I grew up with a blacksmith for a parent, and thus almost every metalworking processes seems entirely normal to have as part of everyday life throughout my childhood. There seemed to be nothing we owned that couldn’t be either made or repaired with the application of a bit of welded steel. Children of blacksmiths grow up with a set of innate heavy hardware hacker or maker skills that few other young people acquire at that age. You know almost from birth that you should always look away from the arc when dad is welding, and you also probably have a couple of dictionary definitions ready to roll off the tongue.
The first is easy enough, farrier. A farrier makes and fits horseshoes. Some blacksmiths are farriers, many aren’t. Sorry, my dad made architectural ironwork for upmarket houses in London when he wasn’t making improvised toys for me and my sisters, he didn’t shoe horses. Next question.
The second is a bit surprising. Wrought iron. My dad didn’t make wrought iron.
But… Hang on, you say, don’t blacksmiths make wrought iron? At which point the floodgates open if you are talking to a blacksmith, and you receive the Wrought Iron Lecture.
Modern Wrought Iron Isn’t Really a Thing
“Wrought iron” is the phrase that is commonly used to refer to blacksmith-made decorative ironwork. But the problem is that wrought iron itself is a material, a form of refined iron made by working smelted pig iron to release impurities from it. And more to the point, it’s a historic material, except for a tiny quantity made for heritage purposes in a museum, it hasn’t been available for over half a century. The “wrought iron” in that ironwork is almost certainly really steel, unless the piece in question is a very old, and probably very expensive too. To add insult to injury for blacksmiths, a lot of what is sold as “wrought iron” isn’t even made by a blacksmith: there are entire catalogues of machine made components that can be welded together to a finished product for a mass-produced “blacksmith” look. It’s unsurprising then that blacksmiths get hot under the collar.
So, given that a lot of “wrought iron” isn’t really wrought iron, what is the real wrought iron? How was it made, and why isn’t it made any more? And to answer that one, we have to go back to the blast furnace, and take a look at the properties of the iron freshly smelted from the ore.
True Wrought Iron Is Defined By How Impurities Were Removed
Pig iron, so-called because it was once formed in moulds that produced a branched ingot resembling a sow with piglets, still contains many of the impurities from the ore and the coal used to fuel the smelting, much of them in the form of silicon or sulphur compounds. It is extremely brittle, and not of much use as a material. When it is melted once more under more controlled circumstances its impurity content can be reduced, and you will find the result as cast iron. Cast iron though is still brittle, if you hit it hard enough with a hammer it will shatter. Some means of completely removing those impurities is required, and that is the purpose of manufacturing wrought iron or steel. Wrought iron has those impurities oxidised at the surface of a semi-molten mass by continually reworking it with a hammer or through rollers, while steel achieves a similar aim by blasting compressed air through a crucible of molten pig iron.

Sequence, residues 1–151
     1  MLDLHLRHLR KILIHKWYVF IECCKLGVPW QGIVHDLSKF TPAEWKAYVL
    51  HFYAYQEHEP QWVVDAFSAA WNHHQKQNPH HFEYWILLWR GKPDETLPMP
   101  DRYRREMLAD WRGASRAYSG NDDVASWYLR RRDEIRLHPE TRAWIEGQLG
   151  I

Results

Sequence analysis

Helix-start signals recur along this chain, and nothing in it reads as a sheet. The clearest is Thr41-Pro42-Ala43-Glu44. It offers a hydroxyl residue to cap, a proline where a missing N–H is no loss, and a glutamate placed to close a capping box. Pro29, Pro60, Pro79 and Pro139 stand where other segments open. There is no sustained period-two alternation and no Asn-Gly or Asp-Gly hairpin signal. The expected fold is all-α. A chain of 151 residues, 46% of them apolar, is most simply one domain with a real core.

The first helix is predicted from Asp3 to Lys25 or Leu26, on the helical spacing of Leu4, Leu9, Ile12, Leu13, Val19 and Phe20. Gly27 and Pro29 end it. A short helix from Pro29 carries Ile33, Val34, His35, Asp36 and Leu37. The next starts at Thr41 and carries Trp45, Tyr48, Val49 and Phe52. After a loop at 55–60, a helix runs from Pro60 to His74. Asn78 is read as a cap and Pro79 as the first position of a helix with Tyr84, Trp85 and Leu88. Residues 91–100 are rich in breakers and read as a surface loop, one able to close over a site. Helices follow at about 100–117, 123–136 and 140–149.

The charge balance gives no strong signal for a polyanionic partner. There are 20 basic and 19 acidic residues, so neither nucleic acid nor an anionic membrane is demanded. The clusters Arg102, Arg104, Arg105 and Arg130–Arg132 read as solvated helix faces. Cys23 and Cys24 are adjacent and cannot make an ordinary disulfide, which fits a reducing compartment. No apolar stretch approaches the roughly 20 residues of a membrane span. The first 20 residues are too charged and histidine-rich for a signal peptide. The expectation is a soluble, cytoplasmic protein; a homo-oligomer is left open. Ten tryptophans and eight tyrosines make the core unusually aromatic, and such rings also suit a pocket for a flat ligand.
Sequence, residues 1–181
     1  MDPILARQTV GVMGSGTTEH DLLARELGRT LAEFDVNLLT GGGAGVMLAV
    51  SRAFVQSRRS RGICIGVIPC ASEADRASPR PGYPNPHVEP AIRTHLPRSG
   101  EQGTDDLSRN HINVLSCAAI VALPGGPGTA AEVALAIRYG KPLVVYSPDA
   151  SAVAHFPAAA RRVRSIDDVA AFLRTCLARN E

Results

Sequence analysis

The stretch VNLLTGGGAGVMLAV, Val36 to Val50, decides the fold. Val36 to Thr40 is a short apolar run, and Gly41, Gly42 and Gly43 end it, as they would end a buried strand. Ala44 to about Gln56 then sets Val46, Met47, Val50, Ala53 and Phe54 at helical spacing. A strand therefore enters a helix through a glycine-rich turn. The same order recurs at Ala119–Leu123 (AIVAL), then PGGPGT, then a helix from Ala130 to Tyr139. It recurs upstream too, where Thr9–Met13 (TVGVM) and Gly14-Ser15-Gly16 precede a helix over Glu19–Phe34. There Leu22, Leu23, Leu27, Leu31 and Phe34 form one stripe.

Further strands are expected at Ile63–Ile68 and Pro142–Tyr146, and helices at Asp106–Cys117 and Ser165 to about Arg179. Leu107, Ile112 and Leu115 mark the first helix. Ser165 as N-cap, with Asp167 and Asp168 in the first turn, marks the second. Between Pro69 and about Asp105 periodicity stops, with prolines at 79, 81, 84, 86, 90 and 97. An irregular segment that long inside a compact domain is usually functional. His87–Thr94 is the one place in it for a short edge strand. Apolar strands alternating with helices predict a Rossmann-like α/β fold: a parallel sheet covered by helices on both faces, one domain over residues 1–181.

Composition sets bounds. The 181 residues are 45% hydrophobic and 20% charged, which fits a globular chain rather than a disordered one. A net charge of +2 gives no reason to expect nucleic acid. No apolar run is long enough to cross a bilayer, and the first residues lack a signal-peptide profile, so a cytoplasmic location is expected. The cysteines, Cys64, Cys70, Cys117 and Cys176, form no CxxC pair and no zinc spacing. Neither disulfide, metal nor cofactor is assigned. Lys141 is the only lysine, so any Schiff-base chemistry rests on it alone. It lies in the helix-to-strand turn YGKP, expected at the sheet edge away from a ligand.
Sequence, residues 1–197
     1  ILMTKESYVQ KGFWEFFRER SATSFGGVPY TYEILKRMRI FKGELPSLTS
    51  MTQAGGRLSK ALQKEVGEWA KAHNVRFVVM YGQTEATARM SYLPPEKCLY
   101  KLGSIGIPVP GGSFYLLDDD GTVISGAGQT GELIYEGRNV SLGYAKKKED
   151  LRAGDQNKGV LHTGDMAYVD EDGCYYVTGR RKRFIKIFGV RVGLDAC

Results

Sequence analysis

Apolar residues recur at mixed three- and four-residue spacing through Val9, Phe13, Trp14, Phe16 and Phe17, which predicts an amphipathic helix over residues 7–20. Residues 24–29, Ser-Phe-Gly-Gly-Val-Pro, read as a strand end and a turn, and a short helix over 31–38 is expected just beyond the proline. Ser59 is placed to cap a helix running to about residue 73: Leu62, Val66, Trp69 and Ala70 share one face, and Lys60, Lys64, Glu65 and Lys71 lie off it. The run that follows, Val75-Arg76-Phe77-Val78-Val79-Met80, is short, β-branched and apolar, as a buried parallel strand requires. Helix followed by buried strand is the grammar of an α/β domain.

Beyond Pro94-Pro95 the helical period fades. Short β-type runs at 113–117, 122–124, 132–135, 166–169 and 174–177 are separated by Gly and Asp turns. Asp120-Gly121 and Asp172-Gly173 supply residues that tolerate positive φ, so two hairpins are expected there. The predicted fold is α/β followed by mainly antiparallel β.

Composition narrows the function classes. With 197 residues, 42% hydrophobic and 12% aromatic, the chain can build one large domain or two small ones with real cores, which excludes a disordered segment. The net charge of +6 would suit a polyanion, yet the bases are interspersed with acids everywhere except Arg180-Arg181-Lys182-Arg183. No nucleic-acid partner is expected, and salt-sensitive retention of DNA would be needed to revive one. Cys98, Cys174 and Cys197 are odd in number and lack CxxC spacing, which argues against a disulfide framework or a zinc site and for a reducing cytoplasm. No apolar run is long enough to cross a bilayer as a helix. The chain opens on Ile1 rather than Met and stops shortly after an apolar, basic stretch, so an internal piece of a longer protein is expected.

The result in the case of wrought iron is an extremely pure and malleable iron, with inclusions of furnace slag that the working process has formed out into an almost fibrous grain-like structure. This removes the brittleness of pig iron or cast iron, and makes it a much stronger and more elastic substance. It is much softer than steel, indeed if you are used to the hefty blows required for steel forging it is something of a shock to find just how soft it is on the anvil. I have only ever worked it once, my dad had a piece as part of a heritage restoration job, and we tried working it for curiosity’s sake. “Like hammering butter” is how I’d describe it, after working mild steel.
Where Did the Wrought Iron Go?
So, given its interesting properties, why did wrought iron cease to be produced? The answer lies in the labour-intensive process, it is simply much more expensive to produce than steel.
The earliest wrought-iron process used a puddling furnace, in which a “puddle” of congealing red-hot iron was worked manually using long rods, while later processes used multiple rolling of red-hot pig iron. Meanwhile the Bessemer steelmaking process could make vast quantities of steel in a single pass, making steel many times cheaper than wrought iron. From the late 19th century onwards its manufacture and use declined, until the last working wrought iron mill in the world closed in the 1970s. Its machinery was relocated to the Ironbridge Gorge Museum at Blist’s Hill, and it remains the only place in the world where wrought iron is produced for demonstration purposes. The piece of the restoration project I mentioned came from this source.
So there you have it. Most wrought iron isn’t wrought iron at all, and your blacksmith friends will thank you for not calling it that. Should the chance to work with this rare material come your way I suggest you take it, though don’t waste it. After all, a lot of work went into making it!
Header: Adam Jones, Ph.D. [CC BY-SA 3.0].